Sometime during October 31, 1517, the day before the Feast of All Saints, the 33-year-old Martin Luther posted theses on the door of the Castle Church in Wittenberg. The door functioned as a bulletin board for various announcements related to academic and church affairs. The theses were written in Latin and printed on a folio sheet by the printer John Gruenenberg, one of the many entrepreneurs in the new print medium first used in Germany about 1450. Luther was calling for a "disputation on the power and efficacy of indulgences out of love and zeal for truth and the desire to bring it to light." He did so as a faithful monk and priest who had been appointed professor of biblical theology at the University of Wittenberg, a small, virtually unknown institution in a small town.

Some copies of the theses were sent to friends and church officials, but the disputation never took place. Albert of Brandenburg, archbishop of Mainz, sent the theses to some theologians whose judgment moved him to send a copy to Rome and demand action against Luther. By the early months of 1518, the theses had been reprinted in many cities, and Luther's name had become associated with demands for radical change in the church. He had become front-page news.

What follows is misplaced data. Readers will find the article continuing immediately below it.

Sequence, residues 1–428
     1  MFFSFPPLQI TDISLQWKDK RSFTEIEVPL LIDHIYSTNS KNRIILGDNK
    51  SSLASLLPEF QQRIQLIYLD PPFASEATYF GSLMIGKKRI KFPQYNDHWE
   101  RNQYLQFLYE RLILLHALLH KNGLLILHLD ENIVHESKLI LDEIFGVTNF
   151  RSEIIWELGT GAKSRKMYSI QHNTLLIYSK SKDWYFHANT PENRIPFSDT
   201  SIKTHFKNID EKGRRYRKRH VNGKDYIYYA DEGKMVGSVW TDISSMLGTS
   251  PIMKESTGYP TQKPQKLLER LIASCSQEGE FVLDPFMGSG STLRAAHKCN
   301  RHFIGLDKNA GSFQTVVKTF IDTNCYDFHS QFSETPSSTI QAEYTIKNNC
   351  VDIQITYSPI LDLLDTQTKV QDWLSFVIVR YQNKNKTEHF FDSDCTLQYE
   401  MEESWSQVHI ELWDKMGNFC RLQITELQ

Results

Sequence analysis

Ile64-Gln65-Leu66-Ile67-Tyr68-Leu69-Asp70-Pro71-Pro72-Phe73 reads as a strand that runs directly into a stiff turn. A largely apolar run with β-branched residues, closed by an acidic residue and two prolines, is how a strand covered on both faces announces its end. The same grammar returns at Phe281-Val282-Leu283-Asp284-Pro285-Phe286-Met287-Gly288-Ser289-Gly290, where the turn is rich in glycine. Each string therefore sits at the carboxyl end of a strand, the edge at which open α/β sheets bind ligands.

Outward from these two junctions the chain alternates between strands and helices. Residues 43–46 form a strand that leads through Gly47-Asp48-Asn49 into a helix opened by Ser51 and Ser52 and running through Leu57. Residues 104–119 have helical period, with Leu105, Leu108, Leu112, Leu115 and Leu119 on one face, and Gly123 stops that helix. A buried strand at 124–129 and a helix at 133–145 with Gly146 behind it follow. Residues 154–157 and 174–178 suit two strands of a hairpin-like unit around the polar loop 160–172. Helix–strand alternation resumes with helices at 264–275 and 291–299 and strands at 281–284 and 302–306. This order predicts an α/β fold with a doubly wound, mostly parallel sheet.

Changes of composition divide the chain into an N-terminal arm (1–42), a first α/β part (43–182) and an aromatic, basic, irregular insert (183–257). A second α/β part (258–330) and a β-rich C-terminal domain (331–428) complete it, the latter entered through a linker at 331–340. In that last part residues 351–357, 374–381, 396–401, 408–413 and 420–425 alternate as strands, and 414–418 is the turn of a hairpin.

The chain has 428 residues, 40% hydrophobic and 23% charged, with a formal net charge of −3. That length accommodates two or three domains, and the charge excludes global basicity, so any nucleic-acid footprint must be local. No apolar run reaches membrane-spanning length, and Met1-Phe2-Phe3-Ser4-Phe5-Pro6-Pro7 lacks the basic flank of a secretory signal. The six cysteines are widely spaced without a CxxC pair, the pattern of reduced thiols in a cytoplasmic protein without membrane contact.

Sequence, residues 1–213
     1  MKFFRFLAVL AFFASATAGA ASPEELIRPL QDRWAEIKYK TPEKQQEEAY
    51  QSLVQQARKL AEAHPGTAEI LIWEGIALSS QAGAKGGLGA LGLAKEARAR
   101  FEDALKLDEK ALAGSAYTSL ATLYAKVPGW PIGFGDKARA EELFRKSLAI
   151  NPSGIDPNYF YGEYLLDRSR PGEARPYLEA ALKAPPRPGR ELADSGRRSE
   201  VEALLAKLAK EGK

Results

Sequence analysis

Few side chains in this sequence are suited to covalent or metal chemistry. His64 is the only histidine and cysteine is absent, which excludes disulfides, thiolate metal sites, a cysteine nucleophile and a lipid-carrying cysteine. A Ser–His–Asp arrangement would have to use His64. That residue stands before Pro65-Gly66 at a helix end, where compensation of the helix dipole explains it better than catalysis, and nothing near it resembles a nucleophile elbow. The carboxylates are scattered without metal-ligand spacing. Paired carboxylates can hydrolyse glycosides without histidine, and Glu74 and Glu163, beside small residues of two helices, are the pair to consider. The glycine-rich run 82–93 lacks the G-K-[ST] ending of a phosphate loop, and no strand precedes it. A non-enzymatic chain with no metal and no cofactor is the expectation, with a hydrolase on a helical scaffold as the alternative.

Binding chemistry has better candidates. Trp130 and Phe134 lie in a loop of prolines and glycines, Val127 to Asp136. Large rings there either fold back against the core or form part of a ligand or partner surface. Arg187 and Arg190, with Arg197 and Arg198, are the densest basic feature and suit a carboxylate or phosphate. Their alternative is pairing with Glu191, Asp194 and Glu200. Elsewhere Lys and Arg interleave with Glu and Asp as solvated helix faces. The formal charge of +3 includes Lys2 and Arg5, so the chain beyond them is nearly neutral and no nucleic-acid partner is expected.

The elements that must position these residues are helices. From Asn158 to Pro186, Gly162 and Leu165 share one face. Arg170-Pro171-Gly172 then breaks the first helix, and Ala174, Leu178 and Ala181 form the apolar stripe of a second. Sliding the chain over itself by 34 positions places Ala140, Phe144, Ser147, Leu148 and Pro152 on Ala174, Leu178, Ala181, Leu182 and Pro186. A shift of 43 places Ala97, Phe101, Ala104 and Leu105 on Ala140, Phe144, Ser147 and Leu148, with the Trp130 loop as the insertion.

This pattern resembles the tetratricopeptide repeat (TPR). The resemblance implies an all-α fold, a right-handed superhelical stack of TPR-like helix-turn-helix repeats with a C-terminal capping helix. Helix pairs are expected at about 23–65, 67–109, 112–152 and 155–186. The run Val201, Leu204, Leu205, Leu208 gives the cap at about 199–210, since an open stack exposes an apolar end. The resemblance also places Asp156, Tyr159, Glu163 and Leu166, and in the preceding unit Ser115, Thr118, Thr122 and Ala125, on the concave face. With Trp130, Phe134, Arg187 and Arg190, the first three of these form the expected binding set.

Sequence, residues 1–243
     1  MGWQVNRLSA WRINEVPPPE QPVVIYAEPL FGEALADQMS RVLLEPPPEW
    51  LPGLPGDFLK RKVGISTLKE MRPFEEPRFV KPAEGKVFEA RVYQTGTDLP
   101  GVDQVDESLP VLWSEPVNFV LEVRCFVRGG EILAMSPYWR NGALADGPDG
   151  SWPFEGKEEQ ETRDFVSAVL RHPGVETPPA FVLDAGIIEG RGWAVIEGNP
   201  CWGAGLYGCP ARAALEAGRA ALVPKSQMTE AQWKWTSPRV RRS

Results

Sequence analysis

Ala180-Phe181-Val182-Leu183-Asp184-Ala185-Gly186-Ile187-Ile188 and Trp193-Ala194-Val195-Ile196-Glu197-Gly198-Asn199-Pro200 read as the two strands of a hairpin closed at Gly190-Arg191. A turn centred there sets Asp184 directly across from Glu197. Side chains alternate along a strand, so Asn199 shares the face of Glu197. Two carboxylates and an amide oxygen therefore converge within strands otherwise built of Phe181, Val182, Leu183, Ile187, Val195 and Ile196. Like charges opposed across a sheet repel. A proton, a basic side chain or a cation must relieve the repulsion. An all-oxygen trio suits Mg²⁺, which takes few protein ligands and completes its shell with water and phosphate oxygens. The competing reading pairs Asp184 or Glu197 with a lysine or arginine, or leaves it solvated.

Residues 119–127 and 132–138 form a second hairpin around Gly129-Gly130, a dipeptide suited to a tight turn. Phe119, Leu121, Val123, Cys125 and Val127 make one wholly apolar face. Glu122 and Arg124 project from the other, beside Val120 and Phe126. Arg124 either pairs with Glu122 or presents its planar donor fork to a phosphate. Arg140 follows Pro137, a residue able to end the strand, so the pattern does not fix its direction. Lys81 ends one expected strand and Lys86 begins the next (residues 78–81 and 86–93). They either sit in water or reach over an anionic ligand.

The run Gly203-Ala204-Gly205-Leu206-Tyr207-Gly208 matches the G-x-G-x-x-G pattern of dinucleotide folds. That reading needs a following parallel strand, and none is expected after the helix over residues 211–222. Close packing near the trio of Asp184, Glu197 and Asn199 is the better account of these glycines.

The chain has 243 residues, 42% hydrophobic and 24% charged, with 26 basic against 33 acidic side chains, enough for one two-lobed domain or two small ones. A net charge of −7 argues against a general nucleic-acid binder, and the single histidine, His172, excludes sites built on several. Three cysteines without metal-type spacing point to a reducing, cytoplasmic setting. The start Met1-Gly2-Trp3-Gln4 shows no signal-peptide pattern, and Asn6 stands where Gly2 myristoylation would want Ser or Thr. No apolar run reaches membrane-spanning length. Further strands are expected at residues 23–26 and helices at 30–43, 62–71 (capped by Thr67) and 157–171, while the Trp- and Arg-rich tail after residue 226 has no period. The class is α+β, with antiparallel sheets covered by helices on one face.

The Issue of Indulgences

Why? Luther was calling for a debate on the most neuralgic issue of his time: the relationship between money and religion. "Indulgences" (from the Latin indulgentia—permit) had become the complex instruments for granting forgiveness of sins. The granting of forgiveness in the sacrament of penance was based on the "power of the keys" given to the apostles according to Matthew 16:18, and was used to discipline sinners. Penitent sinners were asked to show regret for their ...

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